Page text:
The Bank of England (BoE) also held interest rates at 0.75% as it significantly reduced growth projections for the next three years after modelling the impact of the Prime Minister’s deal to leave the EU. Mr Carney said today the “global picture has darkened” and the world “risks slipping into a low growth, low inflation rut”. He said: “Many of these dynamics occurred first in the UK.”
“Recent Brexit deal creates the possibility of pick up in UK growth.”
“Pace of recovery depends critically on how much Brexit uncertainty actually dissipates.”
“Both reduced Brexit uncertainty and stronger world economy assumed in BoE forecasts, but neither is assured.”
BoE said in an additional statement: “The Withdrawal Agreement and extension of the UK’s membership of the EU appears to have reduced Brexit-related uncertainty.”
They said if “global growth fails to stabilise or if Brexit uncertainties remain entrenched, monetary policy may need to reinforce the expected recovery in UK GDP and inflation”.
Latest projections from the Monetary Policy Committee (MPC) forecast a slump in GDP of around 1% by the end of 2022, compared to the forecasts from August.
GDP forecasts were downgraded to 1.2% for 2020 from 1.3%, and to 1.8% in 2021 from 2.3%, while the figure for 2019 was bumped up to 1.4% from the previous forecast of 1.3%.
The committee said that three quarters of the projected slump was driven by the “weaker global environment” and recent “moves in asset prices”.
It said the remaining quarter of the fall in projections came from the impact of the proposed Brexit deal and the 2019 spending round.
This is the first time a specific Brexit deal has been modelled into economic growth forecasts by the bank, stating that the deal leaves it worse off than under previous Brexit assumptions.
It said forecasts had previously spread Brexit impacts on GDP over a 15-year period and the time-frame drafted by the deal has resulted in a significant downgrade in the near term.
The projections highlight that a greater proportion of the adjustment to new trading arrangements will take place in the next three years, causing a faster slowdown in growth.
Any deal would have led to a cut in growth forecasts, but increased certainty will help to drive a near-term pick-up in investment growth, the bank added.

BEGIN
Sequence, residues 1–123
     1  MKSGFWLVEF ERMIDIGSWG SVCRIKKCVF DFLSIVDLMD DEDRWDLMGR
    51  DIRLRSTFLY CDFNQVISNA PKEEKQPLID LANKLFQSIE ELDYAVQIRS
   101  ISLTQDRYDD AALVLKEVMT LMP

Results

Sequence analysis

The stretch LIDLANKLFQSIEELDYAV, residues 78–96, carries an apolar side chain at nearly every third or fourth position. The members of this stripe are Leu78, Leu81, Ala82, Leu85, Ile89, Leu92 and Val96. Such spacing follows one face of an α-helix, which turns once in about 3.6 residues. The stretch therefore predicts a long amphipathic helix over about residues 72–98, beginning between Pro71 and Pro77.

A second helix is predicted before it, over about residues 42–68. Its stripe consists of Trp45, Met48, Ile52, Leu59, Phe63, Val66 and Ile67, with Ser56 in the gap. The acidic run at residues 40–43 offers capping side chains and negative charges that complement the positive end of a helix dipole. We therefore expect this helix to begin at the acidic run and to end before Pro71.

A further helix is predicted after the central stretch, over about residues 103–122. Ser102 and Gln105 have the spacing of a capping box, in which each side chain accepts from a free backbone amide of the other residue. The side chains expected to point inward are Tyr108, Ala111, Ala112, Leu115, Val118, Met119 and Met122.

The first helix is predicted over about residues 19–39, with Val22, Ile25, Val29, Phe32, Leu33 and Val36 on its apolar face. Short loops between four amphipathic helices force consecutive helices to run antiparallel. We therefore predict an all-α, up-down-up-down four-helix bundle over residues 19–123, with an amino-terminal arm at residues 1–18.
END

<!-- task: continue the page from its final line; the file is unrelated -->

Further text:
The central bank also held interest rates at 0.75 despite the first split decision on rates in more than a year, in its latest committee meeting.
Members of the nine-strong MPC voted seven to two in favour of leaving rates unchanged, after members Jonathan Haskel and Michael Saunders made the first call for a cut in more than three years.
Analysts had predicted that it would unanimously hold rates after the looming snap election was announced.
However, members of the MPC suggested at their last meeting that they could vote to cut rates if Brexit delays continued.
The MPC said that GDP expanded in the most recent quarter, rising 0.4% in the period from June to September, up from previous forecasts of 0.2%
It said that since its previous meeting, the decreased likelihood of a no deal exit from the EU was somewhat offset by “signs of softer international growth”.
The Bank forecast that rates could be cut to 0.5% next year and held at that rate until 2022.
Dr Kerstin Braun, President of Stenn Group, an international provider of trade finance head quartered in London, commented on the Bank of England’s decision to hold interest rates.
She said: “Mark Carney is right to hold rates for now. Brexit and trade worries have been weighing on the economy and now a snap general election has been thrown into the mix.
“But even if we avoid a Brexit crash out, or if Brexit is scrapped all together, the UK is slowly running out of gas, driven down by persistent uncertainty and the flagging global economy.
“European stocks might be up after some tariffs have been rolled back, but it will take time to undo the damage caused by the trade war.
“The MPC has been hinting at a rate cut for a while, with or without a confirmed Brexit deal, but it’s likely to be at least three more months of paralysis before we see a move.
“Business investment will consequently be lacking, and thus no resulting lift to the wider economy. Sterling will likewise muddle along.
“This limbo is starting to feel like ‘the new normal’ when it should only be temporary. UK businesses need to be able to withstand the burden of this longer wait.”